Eurekster and Yahoo MyWeb 2.0.2
I met with Steven Marder this morning, CEO of Eurekster. These guys were way ahead of the “social search” curve but confused users and the marketplace with their early positioning. People saw them as a complicated Google/Yahoo! competitor.
They’re really an enterprise search B2B play that offers site search and more contextually relevant Web search. “Contextual” here means relevant to the user population of the site (teens, moms, sports fans, etc.). They do that with clickstream analysis of aggregate user query behavior. Initially Web search is weighted according to specific business rules, but the engine learns what the group thinks is relevant to particular queries. It’s a different relevance paradigm that gets “smarter” over time. But its nature, this is a vertical search engine par excellence.
They get paid on a PPC revenue sharing basis by including Google and/or Yahoo! paid results on search results pages of their publisher partners. And Eurekster has offerings for large publishers and small publishers (e.g., bloggers). The interface of the “buzz cloud” (now a “Web 2.0” standard) is also interesting as a visual search/browse (even advertising) tool.
Marder and I went into their roadmap a bit and there were some interesting possibilities on the advertiser side. He and I talked about local and its complexity, which is on their radar but not in the immediate future.
The “genius” of Eurekster is that it’s passive, meaning the engine serves up progressively more relevant results (than general Web search) on the basis of communal search behavior — without any effort on the part of users.
How does this relate to MyWeb? As Mike points out below, one might infer that MyWeb is growing slowly. One rumor behind the del.icio.us acquisition was that it wasn’t about technology but about the gaining the large user community (and perhaps the talent behind it).
I’m a huge fan of MyWeb and use it daily. I find it incredibly useful, but I’m not a mainstream consumer. I’m motivated to use it. But it takes affirmative effort to save and tag the pages (not that much really, but some).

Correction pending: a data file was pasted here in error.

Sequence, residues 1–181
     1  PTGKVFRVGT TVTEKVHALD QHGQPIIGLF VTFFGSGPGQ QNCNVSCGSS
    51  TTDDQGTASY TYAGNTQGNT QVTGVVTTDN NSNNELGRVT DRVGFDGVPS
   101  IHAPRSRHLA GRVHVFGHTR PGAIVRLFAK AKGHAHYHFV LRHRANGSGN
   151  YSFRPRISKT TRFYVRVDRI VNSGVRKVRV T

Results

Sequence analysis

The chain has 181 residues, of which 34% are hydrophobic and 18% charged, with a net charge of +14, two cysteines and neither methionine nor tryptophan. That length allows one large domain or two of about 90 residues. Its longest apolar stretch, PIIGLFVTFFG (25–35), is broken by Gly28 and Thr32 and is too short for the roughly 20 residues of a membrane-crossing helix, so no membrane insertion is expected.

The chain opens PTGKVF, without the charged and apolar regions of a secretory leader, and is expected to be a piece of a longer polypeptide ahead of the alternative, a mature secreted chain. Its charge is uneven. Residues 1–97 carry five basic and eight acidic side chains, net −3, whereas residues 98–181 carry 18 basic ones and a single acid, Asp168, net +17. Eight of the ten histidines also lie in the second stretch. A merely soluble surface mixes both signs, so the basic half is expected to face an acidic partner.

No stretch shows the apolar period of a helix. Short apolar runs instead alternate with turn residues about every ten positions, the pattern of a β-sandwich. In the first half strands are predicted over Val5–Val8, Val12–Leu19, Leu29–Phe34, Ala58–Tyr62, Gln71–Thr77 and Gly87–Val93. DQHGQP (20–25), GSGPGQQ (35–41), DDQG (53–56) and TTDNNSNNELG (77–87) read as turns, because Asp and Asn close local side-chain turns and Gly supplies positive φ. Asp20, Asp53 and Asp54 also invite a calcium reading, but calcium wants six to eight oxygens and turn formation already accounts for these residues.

MyWeb, in addition to being a content repository, offers an alternative, human-edited index to Yahoo! search engine users (who are also MyWeb users). Eurekster does a very similar thing but in a way that is totally “passive” and invisible to the user (although it offers none of the “bookmarking” functionality).
Here are my MyWeb wishes:
* A simpler way to create groups (maybe multiple groups) within MyWeb — there’s an enterprise application waiting to happen here.
* A way to search within categories/tags for content. The more content you save (I have 1,239 items) the more unwieldy the thing becomes; this would help solve that and make it even more useful.
Despite all the “social bookmarking” buzz there’s a real question about whether sites like Wink and Kaboodle will catch on with mainstream users and become viable (which begs the question of what “viable” means in this context; maybe big enough to be acquired).
The shared knowledge of the community is clearly a powerful asset to these engines/applications. But they need to be very simple and intuitive in order to generate large-scale adoption among what you might call “non-early adopters.”
Here’s more from the Yahoo! Search Blog.
Greg Sterling is managing editor of The Kelsey Group. He also leads The Kelsey Group’s the Interactive Local Media program, focusing on local search. Greg came to The Kelsey Group from TechTV’s “Working the Web,” the first national television show dedicated to e-business and the Internet.